Second-generation CDP


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Application consistency
Unlike files, which can be restored to any of the available recovery points, applications like Exchange and SQL Server require recovery points at which an application was consistent. In case a CDP product detects application-consistent events, it inserts so-called markers into the recovery journal, which are then used during the recovery process to determine and present application-consistent recovery points.

Vendors have taken two approaches to ensure application consistency. The first approach looks at the data stream to detect events at which an app is consistent. "We track events like file-save operations, or Exchange and SQL Server start or shutdown events to determine consistent states and mark these events within the change journal," explains Bob Roudebush, Double-Take Software's director of solutions engineering. Heuristic consistency appears to be favored by products with file-level filter drivers, mostly because the file system provides the information required to determine consistent application states.

Fabric-based and volume filter driver-based products favor proactive consistency in which the CDP product proactively puts the application into a consistent state through application APIs. "We call local backup APIs, such as Volume Shadow Copy [VSS] in the case of Exchange Server, and insert a bookmark in the recovery journal,"

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explains Atluri. Contrary to proactive consistency, the heuristic consistency approach has room for errors.

Vendor assessment
Although many of the original CDP vendors have vanished, their technologies live on in other data protection products. CDP isn't a free option or feature. While the majority of backup vendors charge by the number of protected machines, a combination of a base price and capacity-based pricing seems to prevail for fabric-based and volume filter driver-based products.

EMC and Symantec added CDP to their data protection suites through acquisitions. EMC acquired Kashya to complement its Invista fabric-based storage virtualization product. Symantec has spent the last few years integrating its Revivio acquisition into NetBackup and recently rolled it out as Veritas NetBackup RealTime Protection. Both products compete at the high end of the CDP market, capturing changes at the FC I/O level, and offer broad application support.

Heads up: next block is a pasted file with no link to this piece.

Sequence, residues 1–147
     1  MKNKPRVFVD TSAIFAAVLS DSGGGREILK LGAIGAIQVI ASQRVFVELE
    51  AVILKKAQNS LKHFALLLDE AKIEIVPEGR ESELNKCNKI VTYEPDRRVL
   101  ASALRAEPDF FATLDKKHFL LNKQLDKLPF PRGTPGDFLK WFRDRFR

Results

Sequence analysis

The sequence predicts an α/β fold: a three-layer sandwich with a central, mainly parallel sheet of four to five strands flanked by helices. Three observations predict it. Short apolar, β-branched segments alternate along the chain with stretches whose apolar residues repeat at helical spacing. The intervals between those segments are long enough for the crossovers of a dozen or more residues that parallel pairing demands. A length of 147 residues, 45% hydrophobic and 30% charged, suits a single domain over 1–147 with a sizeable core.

IBM Corp. recently extended its Tivoli Storage Manager (TSM) suite with TSM FastBack through technology it acquired from FilesX. Remote-office data protection of Window servers and applications is FastBack's primary target market.

CA entered the CDP market through its XOsoft acquisition, and offers the XOsoft product as CA XOsoft High Availability. Unlike some of the other backup software vendors, CA hasn't yet tightly integrated XOsoft with its backup app and continues to target the SMB DR market where XOsoft has done well.

Asempra and InMage Systems are among the few CDP firms that have survived on their own. Asempra Business Continuity Server and InMage DR-Scout are available from resellers and through OEM relationships. While BakBone Software and Hitachi Data Systems use the Asempra product, Pillar Data Systems and Xiotech Corp. partner with InMage Systems.

Double-Take Software and SonicWall Inc. got into CDP via acquisitions. Double-Take added CDP pioneer TimeSpring to complement its continuous replication software; SonicWall bought Lasso Logic to offer data protection appliances for SMBs with limited IT resources.

Despite its ominous start, CDP has been incorporated into data protection products and its role is likely to expand. Rapid data growth, highly distributed firms with branch offices lacking IT resources, the need for better RTOs and RPOs, shrinking backup windows and the need for 24/7 app availability are all trends that support the increased adoption of CDP.

This was first published in October 2008

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